Router Options

Okay.  I currently use ClarkConnect Community Edition on my router (Dell OptiPlex GX1).  ClarkConnect has turned into ClearOS.  I’m also considering other options for a new router.

1.  ClearOS

Pros:  Easy set-up, tons of features, easy-to-use web interface.  Red Hat based.

Cons:  All-in-one solution (think MS Home Server) and tons of features I would never use.

2.  Endian

Pros:  Dedicated security distro, perfect mix of apps.  easy-to-use web interface.  Red Hat Based.

Cons:  ClamAV instead of Kaspersky for AV.  Hand-tweaking is required for decent performance on spam control and antivirus.

3.  Untangle

Pros:  Desktop, graphical installer, robust feature set, awesome network control apps.  Very powerful web interface.  Debian-based.

Cons:  Commercial product – FOSS features are awesome but not as good as commercial offering.  No options for spam / antivirus (SpamAssassin / Kaspersky.)  Fragile App configuration – breaks if you tweak the config too much.

4.  Gentoo Linux

Pros:  Insanely fast, efficient, customized to exact specs.

Cons:  DIY OS – very long deployment time, patching takes forever.  Patching occasionally breaks with no way out.  No configuration tools.  No installer.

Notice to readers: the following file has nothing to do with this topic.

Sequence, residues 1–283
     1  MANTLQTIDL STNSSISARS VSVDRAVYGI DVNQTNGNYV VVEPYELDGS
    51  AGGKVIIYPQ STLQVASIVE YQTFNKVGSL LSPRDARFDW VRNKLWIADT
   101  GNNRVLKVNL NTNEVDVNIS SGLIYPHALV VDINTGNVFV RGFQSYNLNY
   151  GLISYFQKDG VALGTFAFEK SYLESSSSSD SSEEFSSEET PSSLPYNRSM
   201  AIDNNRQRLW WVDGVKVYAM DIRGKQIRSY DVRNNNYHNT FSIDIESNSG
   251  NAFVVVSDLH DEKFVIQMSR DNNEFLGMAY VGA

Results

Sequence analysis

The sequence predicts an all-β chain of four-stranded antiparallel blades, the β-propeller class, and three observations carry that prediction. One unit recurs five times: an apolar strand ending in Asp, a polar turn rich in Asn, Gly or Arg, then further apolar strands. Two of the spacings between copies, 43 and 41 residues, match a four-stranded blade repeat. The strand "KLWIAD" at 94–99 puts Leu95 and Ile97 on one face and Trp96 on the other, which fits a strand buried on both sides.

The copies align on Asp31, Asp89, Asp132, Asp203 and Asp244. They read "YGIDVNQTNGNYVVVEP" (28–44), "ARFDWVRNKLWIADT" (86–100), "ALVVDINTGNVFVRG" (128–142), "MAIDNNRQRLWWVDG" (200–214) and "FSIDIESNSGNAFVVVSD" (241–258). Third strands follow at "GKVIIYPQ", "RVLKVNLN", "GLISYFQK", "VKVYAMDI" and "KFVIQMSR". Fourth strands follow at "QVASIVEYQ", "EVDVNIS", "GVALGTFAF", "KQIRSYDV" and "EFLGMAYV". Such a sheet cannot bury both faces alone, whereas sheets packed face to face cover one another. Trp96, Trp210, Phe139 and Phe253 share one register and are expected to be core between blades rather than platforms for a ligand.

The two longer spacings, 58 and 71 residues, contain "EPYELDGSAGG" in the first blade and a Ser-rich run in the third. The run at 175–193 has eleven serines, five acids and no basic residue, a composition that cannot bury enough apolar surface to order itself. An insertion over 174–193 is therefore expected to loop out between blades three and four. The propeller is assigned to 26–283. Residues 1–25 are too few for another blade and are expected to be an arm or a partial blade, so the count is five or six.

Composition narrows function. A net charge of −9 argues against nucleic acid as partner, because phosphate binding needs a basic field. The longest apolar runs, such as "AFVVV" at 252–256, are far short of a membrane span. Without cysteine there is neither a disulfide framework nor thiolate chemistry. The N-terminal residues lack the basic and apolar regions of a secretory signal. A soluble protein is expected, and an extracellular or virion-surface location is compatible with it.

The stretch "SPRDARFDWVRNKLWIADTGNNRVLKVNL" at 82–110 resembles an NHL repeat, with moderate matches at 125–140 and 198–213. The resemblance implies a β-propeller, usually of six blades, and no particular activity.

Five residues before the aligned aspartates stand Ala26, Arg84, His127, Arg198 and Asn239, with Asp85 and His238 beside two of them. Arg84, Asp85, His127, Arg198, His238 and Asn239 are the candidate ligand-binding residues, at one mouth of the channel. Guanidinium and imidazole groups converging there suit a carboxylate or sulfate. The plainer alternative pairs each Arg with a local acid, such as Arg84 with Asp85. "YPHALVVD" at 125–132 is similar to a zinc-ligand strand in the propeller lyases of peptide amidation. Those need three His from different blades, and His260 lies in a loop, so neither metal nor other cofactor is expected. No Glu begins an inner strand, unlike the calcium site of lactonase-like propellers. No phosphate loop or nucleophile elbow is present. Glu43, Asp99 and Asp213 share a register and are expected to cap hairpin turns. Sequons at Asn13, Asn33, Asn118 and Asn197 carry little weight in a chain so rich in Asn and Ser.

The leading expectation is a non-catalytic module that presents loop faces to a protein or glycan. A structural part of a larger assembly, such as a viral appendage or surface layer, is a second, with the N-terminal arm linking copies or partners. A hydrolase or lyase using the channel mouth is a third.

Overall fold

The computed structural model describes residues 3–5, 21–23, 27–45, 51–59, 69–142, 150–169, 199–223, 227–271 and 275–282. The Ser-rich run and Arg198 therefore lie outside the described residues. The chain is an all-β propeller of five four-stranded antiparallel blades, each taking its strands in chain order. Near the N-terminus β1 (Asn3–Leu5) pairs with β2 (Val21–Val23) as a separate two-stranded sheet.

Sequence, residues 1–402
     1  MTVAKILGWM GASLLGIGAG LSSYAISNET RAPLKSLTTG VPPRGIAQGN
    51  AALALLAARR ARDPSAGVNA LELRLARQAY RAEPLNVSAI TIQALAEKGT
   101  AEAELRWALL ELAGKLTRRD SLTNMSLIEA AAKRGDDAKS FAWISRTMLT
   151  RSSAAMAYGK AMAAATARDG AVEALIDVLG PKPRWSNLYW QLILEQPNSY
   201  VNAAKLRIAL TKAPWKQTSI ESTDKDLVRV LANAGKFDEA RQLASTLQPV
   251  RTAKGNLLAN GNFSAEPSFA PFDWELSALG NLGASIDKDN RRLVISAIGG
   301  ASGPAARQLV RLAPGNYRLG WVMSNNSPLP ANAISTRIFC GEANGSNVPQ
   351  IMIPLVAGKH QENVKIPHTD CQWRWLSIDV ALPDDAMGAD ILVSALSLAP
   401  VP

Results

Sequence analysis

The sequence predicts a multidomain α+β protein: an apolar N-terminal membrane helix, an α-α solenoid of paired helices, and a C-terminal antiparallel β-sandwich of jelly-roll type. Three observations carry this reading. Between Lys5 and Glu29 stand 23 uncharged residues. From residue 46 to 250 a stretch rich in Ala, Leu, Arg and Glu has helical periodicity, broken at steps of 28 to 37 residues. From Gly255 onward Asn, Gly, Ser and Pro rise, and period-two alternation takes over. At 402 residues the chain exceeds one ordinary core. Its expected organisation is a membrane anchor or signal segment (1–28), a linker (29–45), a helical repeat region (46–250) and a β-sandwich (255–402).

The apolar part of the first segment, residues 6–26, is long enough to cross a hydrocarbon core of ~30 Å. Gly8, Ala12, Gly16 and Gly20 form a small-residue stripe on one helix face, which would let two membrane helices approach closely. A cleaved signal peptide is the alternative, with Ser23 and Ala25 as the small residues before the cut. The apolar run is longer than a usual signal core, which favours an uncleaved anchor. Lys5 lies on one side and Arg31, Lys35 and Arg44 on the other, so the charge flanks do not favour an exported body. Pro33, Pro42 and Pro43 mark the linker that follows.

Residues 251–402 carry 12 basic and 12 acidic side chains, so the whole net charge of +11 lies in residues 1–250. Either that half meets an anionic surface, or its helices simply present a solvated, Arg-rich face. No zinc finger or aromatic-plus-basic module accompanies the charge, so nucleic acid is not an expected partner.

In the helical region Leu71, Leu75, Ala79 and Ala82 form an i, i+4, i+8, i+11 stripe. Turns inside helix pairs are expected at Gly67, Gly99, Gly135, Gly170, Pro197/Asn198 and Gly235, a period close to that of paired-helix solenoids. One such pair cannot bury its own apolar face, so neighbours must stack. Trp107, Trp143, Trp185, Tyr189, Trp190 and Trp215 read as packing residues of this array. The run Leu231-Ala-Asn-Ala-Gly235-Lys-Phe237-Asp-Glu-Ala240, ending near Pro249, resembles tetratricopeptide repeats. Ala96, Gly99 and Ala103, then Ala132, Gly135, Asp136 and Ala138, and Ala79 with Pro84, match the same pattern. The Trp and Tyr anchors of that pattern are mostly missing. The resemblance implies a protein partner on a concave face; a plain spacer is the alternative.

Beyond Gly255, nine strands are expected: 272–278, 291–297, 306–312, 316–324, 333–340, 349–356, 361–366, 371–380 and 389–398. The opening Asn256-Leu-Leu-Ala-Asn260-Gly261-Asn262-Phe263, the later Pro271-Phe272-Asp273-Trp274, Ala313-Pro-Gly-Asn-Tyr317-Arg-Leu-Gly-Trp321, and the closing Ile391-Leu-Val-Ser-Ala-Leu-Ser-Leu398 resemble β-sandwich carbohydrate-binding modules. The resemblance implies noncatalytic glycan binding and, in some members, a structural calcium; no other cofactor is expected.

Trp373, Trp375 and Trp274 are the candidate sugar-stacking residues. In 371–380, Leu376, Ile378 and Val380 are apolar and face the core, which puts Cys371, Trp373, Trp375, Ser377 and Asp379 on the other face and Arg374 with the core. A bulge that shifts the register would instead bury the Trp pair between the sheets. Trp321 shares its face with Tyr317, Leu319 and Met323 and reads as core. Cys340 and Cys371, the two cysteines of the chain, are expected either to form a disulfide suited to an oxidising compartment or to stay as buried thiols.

5.  CentOS

Pros:  Red-Hat Enterprise Linux clone integrates 100% into existing Red Hat network.  Remote management software installed by default.  Very easy to configure and customize.  Desktop installed by default.  Graphical Installer.  Very flexible and robust – tweaking config does not break management system.

Cons:  Huge and bloated with significant hardware requirements.  Not exactly efficient or lightweight.  Not designed to be used as a router / firewall (CentOS is for servers and workstations).



  1. #1 by Joshua on May 1, 2010 - 3:36 PM

    Untangle is kind of neat – the “apps” have a UI that mimics a rackmount layout where you can switch the order in the networking stack and such and see all the basic controls on one screen. Check out the Quick Start Guide.

  2. #2 by daveloper on May 6, 2010 - 5:15 PM

    I’m a bit biased towards ClearOS myself. It can be svelte and run with very little overhead, or it can be used for very robust sites.

    While you may not use all the features, they don’t consume resources unless you turn them on. Additionally, the tight integration between services means that it scales well.

    Since moving from PointClark to ClearFoundation, the OS is more FOSS than ever before. The business model for ClearOS is based on services delivered from the cloud. This ultimately benefits the home users because they get to use the software without being forced to foot the bill. The OS is not limited. Additionally, ClearOS comes with free integrated Dynamic DNS which can make it easier to find your way home on the internet especially if you have an ISP which give you dynamic addresses.

    Future releases of ClearOS will also have a ‘home version’ which will have more choices for home type applications built from the ClearFoundation community.

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